Magical Morocco

This mysterious country – Edith Wharton’s “In Morocco”, a look at the movie Casablanca – or any Indiana Jones film, for that matter, will give you a small whiff of this exotic place.  The stuff of dreams unlike anything you’ve experienced.  We recently took a 13 day tour of the lovely country of Morocco.  

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The country abounds with Mosques – waiting to welcome the faithful to participate in prayer.  The call to prayer is heard five times each day from the local mosque.   The temple of worship shown above lets people know the direction of their prayer – East and was our first visit – below is the beautiful, recently completed mosque in Casablanca.

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Visiting the ancient ruins of the Chellah – once occupied by the Phoenicians and Carthaginians – founders of several Moroccan colonies.  The site of Roman town Sala Colonia –  excavations show an important port city with ruined Roman architecture.

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DSC_0795 Elements including a principal Roman way – a “decumanus maximus” a forum and a triumphal arch. Chellah was a center of Christianity since the second century.One of the two main Roman roads streched to the Atlantic.
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The Moroccans employ the color blue – some might call it lapis blue – in small towns across the country.  It is thought to keep away insects – and seen here in the charming towns of Essaouira and a Fez cemetery.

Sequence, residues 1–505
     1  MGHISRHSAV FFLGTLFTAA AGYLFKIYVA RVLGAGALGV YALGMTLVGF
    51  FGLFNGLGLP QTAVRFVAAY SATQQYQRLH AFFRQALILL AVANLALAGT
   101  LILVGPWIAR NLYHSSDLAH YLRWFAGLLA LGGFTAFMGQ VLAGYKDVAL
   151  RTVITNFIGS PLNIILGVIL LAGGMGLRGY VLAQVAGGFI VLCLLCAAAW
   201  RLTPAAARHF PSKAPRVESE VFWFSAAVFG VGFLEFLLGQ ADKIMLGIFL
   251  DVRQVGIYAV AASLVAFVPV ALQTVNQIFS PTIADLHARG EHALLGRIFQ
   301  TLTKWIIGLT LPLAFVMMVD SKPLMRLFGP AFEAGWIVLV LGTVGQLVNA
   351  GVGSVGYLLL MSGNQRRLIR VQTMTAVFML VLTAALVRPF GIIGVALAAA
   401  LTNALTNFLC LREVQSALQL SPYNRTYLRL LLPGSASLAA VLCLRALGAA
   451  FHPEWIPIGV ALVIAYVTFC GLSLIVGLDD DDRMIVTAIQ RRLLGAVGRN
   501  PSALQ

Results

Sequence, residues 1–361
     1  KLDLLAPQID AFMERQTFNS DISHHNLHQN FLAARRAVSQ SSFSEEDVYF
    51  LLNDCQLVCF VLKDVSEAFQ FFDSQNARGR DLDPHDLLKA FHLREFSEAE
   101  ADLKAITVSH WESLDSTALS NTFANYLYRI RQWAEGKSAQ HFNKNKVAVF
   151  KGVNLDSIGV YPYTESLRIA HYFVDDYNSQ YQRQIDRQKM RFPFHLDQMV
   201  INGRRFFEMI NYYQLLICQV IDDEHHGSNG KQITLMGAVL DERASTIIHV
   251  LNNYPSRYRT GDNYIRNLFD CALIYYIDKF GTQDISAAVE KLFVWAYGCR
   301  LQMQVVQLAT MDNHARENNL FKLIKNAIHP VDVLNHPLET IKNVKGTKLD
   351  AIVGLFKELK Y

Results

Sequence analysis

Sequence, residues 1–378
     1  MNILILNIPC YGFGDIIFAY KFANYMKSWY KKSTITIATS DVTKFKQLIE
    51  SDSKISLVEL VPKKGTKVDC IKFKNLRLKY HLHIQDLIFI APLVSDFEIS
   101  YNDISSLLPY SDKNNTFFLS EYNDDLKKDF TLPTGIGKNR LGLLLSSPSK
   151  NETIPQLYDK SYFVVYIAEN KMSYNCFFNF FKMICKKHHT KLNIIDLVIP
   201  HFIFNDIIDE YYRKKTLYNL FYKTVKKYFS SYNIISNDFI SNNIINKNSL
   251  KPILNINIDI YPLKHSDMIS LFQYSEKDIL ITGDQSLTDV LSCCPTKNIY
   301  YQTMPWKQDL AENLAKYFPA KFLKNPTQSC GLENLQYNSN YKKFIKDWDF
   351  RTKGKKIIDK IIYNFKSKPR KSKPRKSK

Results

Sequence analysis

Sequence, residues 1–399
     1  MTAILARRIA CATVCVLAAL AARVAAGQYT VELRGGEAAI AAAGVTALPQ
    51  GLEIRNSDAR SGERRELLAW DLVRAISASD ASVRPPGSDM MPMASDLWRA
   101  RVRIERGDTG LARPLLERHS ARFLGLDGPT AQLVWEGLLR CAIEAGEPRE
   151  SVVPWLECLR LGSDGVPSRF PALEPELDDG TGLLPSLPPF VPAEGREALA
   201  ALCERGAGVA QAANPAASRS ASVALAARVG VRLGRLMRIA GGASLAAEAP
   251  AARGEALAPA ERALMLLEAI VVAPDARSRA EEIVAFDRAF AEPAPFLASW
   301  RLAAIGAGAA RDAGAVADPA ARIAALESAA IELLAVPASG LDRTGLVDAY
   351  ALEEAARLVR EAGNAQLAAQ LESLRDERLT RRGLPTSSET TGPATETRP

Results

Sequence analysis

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While mosquitoes swarm near water, they actually don’t like clear flowing water.  maybe the Moroccans know something…?

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The blue walls are also said to have been introduced to the town by Jewish refugees in 1930, who considered blue to symbolize the sky and heaven

Another stop was at the Roman town of Volubilis – a partly excavated city & built in a fertile agricultural area, it was developed from the 3rd century BC onwards as a Phoenician settlement.  It grew rapidly under Roman rule from the 1st century AD onwards and expanded – covering 100 acres with over 1 mile of walls.  The wealth of the townspeople derived from olive-growing, prompted the construction of many fine town-houses with large mosaic floors and supported public buildings.

 

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The Roman ruins and the tales they leave behind continue to fascinate as they stretch out across the African continentour trip to Morocco continues


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